29 June 2023

Daily prayers in Ordinary Time
with USPG: (32) 29 June 2023

The Talbot Hotel stands on the corner of Trinity Street, King Street Lower and Paul Quay in Wexford, perhaps on the site of the mediaeval Holy Trinity Church (Photograph: Patrick Comerford)

Patrick Comerford

We are in Ordinary Time in the Church Calendar, and Sunday was the Third Sunday after Trinity. Today (29 June 2023), the Church Calendar celebrates the Festival of Saint Peter and Saint Paul, Apostles.

Over these weeks after Trinity Sunday, I have been reflecting each morning in these ways:

1, Looking at relevant images or stained glass window in a church, chapel or cathedral I know;

2, the Gospel reading of the day in the Church of England lectionary;

3, a prayer from the USPG prayer diary.

A street scene behind Trinity Street in Wexford, looking towards the Main Street, with Bride Street Church in the background (Photograph: Patrick Comerford)

The (lost) Church of the Holy Trinity, Wexford:

The lost Norse-Irish and mediaeval Church of the Holy Trinity in Wexford once stood on Trinity Street, which runs from Paul Quay and the corner of King Street Lower to William Street by Maudlintown. It is part of the R730 regional road from Wexford Quay to Drinagh and the Rosslare Road roundabout.

Trinity Street was built in the 1800s and was named after the Church of the Holy Trinity, a Norse-Irish church that has long disappeared.

Norse Wexford contained the parishes of Saint Doologue’s, Saint Mary’s, and Saint Patrick’s, whilst just outside the town were the churches of the Holy Trinity, Saint Michael’s, Saint Brigid’s and Saint Peter’s. Similar church dedications are found in the other Norse towns, such as Dublin and Waterford. Following the 12th century arrival of the Anglo-Normans, more churches were built in Wexford: Saint Selskar’s, Saint Iberius’s, Saint John’s and the Franciscan friary.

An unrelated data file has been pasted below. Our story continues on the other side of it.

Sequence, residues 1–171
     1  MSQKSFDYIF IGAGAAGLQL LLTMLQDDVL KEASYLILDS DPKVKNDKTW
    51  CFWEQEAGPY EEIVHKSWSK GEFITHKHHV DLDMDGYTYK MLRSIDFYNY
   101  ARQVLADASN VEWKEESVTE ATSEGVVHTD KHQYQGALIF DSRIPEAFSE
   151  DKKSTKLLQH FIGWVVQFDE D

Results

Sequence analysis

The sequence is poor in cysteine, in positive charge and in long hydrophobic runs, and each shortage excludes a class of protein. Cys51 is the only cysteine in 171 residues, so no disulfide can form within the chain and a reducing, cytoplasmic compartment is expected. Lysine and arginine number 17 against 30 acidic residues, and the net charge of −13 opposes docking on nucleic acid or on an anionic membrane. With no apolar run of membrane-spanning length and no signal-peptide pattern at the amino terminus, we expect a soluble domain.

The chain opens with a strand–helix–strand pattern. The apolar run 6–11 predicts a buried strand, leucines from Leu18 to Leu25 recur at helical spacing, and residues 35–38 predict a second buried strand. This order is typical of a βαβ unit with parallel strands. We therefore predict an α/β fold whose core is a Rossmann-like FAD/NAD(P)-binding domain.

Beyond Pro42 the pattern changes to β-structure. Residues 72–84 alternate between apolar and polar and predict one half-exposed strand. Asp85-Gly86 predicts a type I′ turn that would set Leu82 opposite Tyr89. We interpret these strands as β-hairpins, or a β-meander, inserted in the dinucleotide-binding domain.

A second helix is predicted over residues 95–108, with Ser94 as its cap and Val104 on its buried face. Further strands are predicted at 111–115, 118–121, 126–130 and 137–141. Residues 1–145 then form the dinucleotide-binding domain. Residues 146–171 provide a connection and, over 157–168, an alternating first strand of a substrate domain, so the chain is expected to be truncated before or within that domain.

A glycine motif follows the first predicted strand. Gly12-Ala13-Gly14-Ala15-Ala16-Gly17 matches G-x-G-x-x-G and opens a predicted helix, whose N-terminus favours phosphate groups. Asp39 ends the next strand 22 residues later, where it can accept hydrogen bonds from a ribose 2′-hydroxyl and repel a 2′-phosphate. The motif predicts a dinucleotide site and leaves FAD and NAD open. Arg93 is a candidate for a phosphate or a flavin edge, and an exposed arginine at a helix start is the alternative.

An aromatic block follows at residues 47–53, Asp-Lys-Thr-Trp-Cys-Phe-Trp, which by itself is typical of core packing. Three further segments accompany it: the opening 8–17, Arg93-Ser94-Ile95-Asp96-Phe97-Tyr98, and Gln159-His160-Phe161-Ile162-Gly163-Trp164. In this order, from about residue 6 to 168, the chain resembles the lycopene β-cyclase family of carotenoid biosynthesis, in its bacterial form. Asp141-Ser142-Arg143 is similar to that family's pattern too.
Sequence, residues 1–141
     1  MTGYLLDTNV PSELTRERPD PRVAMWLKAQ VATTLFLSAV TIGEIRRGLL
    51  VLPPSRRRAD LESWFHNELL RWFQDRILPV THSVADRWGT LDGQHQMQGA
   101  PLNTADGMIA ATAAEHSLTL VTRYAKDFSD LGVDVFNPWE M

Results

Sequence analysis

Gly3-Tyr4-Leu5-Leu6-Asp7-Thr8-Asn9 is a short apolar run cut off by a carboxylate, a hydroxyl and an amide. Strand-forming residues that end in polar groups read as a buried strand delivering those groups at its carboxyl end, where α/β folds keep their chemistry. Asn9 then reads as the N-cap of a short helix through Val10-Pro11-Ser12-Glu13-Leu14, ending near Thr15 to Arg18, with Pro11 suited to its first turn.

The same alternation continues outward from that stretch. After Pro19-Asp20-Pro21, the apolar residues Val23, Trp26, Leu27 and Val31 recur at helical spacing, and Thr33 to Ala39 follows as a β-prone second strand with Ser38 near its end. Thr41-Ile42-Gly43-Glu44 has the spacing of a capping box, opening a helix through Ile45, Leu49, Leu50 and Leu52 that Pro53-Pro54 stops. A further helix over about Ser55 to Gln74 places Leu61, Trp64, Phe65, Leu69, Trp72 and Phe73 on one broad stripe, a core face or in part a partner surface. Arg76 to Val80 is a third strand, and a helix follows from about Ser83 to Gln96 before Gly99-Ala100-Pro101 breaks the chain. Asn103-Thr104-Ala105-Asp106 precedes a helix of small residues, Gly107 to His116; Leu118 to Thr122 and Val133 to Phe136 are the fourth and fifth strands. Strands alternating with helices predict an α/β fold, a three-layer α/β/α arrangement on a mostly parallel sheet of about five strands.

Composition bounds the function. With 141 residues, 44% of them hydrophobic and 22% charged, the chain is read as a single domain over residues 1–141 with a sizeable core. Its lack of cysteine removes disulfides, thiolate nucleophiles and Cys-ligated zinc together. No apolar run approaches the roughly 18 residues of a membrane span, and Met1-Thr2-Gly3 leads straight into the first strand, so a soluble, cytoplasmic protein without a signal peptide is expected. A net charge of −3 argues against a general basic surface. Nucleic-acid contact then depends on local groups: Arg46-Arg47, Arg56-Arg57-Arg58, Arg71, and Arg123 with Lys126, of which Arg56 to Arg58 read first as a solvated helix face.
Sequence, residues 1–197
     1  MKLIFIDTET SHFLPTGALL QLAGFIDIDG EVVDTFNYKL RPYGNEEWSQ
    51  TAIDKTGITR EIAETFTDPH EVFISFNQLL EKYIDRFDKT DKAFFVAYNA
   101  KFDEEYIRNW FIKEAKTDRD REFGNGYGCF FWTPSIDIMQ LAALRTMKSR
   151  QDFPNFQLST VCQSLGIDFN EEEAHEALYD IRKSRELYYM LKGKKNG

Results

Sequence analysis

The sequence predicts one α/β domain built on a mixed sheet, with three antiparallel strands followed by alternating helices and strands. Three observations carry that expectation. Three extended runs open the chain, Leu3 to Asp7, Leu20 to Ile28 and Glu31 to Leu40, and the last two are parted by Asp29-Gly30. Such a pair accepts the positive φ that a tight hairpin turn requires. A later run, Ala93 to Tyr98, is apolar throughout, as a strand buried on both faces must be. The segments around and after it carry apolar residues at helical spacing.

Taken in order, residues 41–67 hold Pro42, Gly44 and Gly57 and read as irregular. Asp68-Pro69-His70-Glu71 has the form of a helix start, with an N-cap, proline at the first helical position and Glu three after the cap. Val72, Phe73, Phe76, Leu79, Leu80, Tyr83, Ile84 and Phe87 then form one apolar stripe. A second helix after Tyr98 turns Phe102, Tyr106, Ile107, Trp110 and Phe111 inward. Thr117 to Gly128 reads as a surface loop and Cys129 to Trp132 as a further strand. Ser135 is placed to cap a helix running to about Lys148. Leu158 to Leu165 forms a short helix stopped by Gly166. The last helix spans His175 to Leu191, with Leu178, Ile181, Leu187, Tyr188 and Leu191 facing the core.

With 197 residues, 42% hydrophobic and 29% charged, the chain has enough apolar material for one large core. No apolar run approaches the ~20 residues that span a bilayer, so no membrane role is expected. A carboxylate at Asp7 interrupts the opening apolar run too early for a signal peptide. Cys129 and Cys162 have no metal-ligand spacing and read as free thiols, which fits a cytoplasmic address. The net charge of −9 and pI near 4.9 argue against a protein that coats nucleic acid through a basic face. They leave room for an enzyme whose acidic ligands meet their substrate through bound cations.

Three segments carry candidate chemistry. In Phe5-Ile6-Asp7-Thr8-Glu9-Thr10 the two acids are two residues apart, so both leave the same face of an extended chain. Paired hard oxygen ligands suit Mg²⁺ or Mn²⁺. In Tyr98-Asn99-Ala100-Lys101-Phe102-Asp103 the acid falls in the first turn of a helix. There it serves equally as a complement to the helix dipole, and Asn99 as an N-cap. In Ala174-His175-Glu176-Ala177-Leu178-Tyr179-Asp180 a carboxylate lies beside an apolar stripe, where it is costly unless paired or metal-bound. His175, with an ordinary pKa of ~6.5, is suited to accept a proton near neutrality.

Of these 11 church sites, the ruins of mediaeval churches or graveyards can be seen at Saint Patrick’s, Saint Mary’s, Saint John’s, Saint Michael’s of Feigh, and Selskar Abbey, while Saint Iberius’s Church and the present Franciscan Friary church are believed to stand on the sites of earlier buildings.

However, the precise location of either Holy Trinity Church or Saint Doologue’s Church is not known and there are no visible remains of Saint Peter’s Church or Saint Bridgid’s Church.

Although there are no remnants of Holy Trinity Church, it is said to have stood close to Wexford Castle and had a holy well nearby.

An account from 1644 describes a ceremony at the Church of the Holy Trinity, by then in ruins. A Mr Le Goiz, who visited Wexford that year, describes a ceremony held in the church ruins by the women of Wexford town: ‘They come there in solemn procession. The oldest march first and the others follow, then take three turns around the ruins, make a reverence to the remains, kneel and recommence this ceremony many times’.

Five years later, the ruins disappeared altogether after they were purloined to repair the damage done to Wexford Castle after Oliver Cromwell sacked the town in 1649. As a result, the exact site of the Church of the Holy Trinity remains unknown.

Trinity Street was built on land that was recovered during the 19th century land reclamation projects in Wexford. Maps and illustrations from the time show that a large dockyard at Trinity Street that was built by the Redmond family.

Trinity Street was also the location of the ‘South Station’ or Wexford South. The South Station was built in 1891, 17 years after the train station in Redmond Square was built in 1874. They were known to generations of people in Wexford as the North Station and the South Station, until the South Station closed in 1977.

Over the years, the site of the dockyard has been used by well-known businesses such as the Star Iron Works, Wexford Electronix and Clover Meats. Trinity Street has been home to a number of businesses, including Talbot Hotel, TK Max, ALDI and, in the past, C&D and Wexford Gas Works.